So wrote Rudyard Kipling in his 1911 poem The Glory of the Garden, with its ages old image of a kingdom, state or community as a garden, with all its accompanying connotations of natural growth and development, seasonal change, decay and rebirth.
Rudyard Kipling. Journalist, short-story writer, novelist, poet—one of the greats of English literature, the 1907 Nobel Laureate in Literature. He died in January 1936, a couple of weeks after his 70th birthday.
During our recent holiday in East Sussex and Kent, Steph and I enjoyed a visit to Bateman’s, the home that Kipling bought in 1902 and where he and his family resided until his death 34 years later.
So the story goes, his parents met at a picnic at Rudyard Lake (actually a reservoir to feed the Caldon Canal) in North Staffordshire, less than three miles northwest of my hometown of Leek. It had become popular destination for outings in the 19th century, and still was when I was growing up in the 1950s.
Kipling’s father was working in Burslem in the pottery industry as a designer. John and Alice married in 1865 and moved to India where John had been appointed professor of architectural sculpture in the Jeejeebhoy School of Art in Bombay. He later became its principal.
Inside Bateman’s there are two small paintings, in the Parlour on the ground floor and Kipling’s study upstairs, showing similar scenes of Rudyard Lake, which I am reliably told show an inlet near the dam.
Although raised in India, Kipling returned to England for his early education. He returned to India in 1882, and it was during his time there that he wrote many of the short-stories for which he perhaps became most well-known.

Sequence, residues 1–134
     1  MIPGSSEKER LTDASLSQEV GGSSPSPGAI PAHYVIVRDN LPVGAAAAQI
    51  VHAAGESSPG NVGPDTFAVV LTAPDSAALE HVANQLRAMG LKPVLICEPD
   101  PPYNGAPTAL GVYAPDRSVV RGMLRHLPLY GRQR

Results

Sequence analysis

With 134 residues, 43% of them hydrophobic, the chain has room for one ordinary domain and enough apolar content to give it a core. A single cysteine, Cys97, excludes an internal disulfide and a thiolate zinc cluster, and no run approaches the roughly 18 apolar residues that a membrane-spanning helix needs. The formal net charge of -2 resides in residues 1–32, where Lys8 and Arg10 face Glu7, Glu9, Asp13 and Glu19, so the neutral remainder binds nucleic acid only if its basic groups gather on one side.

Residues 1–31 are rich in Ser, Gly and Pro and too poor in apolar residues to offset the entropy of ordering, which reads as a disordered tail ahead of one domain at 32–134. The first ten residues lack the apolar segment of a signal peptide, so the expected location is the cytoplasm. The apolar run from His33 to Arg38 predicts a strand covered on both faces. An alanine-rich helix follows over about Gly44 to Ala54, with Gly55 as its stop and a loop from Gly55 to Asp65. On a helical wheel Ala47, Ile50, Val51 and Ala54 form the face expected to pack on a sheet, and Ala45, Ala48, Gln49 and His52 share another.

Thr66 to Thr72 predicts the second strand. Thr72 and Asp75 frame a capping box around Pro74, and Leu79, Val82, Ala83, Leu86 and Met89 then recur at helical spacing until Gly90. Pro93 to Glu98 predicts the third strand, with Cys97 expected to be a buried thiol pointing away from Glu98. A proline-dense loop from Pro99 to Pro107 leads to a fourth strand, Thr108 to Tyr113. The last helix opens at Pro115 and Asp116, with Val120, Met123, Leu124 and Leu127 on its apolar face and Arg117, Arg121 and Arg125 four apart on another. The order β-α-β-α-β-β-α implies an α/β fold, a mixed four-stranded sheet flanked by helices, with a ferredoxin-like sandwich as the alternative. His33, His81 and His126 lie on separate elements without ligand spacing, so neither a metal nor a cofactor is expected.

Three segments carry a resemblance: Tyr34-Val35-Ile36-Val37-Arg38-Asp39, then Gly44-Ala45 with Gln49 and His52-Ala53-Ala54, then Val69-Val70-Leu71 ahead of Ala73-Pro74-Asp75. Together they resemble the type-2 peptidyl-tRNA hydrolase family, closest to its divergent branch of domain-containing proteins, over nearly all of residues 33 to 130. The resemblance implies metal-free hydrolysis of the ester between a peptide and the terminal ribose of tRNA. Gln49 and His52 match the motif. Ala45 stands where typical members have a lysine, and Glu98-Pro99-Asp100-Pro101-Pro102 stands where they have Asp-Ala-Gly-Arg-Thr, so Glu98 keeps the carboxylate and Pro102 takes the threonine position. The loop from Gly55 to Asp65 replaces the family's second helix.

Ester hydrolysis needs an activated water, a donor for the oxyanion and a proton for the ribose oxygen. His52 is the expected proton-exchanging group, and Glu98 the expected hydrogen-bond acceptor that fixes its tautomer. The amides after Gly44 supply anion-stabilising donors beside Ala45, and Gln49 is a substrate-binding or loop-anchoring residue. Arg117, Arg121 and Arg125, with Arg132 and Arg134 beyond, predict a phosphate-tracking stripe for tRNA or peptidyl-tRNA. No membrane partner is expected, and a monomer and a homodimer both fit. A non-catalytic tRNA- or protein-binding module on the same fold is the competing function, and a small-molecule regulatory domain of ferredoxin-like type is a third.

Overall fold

In the exhibition room at Bateman’s there are six first edition copies of stories he published in Allahabad, Uttar Pradesh in 1888.
Back in England, Kipling married Caroline Starr Balestier from Vermont in 1895, but they spent the first years of their marriage in the USA, returning to England in 1896. Two of their children, Josephine and Elsie were born in Vermont, and John in Sussex. Josephine died of pneumonia in 1899 during a visit to New York. John was commissioned a Second Lieutenant in the Irish Guards aged 16 in 1914, and was killed a year later at the Battle of Loos in September 1915.
Bateman’s is an elegant Jacobean manor house, perhaps the most elegant of all the houses we visited during our week away.
Apparently Bateman’s had no running water or electricity in 1902, and Kipling installed both. He replaced the water wheel at the nearby mill with a turbine, in order to generate electricity. During our visit, the Mill Pond was empty and undergoing conservation work. The National Trust hopes to have the Mill operating again later this year, and milling flour powered by the water wheel.
Inside the house, four rooms on the ground floor are open to the public.
In the Dining Room, the walls are lined with painted leather panels, apparently very old.
At the foot of the stairs, there is an elegant bust of Kipling on a side table, and several paintings adorning the walls.
On the upper floor, the main rooms are Kipling’s study, and John’s bedroom. Another room is full of Kipling memorabilia, including his Nobel Prize citation.
Take a look at more photos of the house and gardens here.
Although I’m familiar with what Kipling wrote, the Just So Stories, The Jungle Book, and many others, I have to admit that I have never read any of his works. Having been inspired by Bateman’s, perhaps now is the time to load my Kindle and enjoy many of these stories a century or more after they were first published.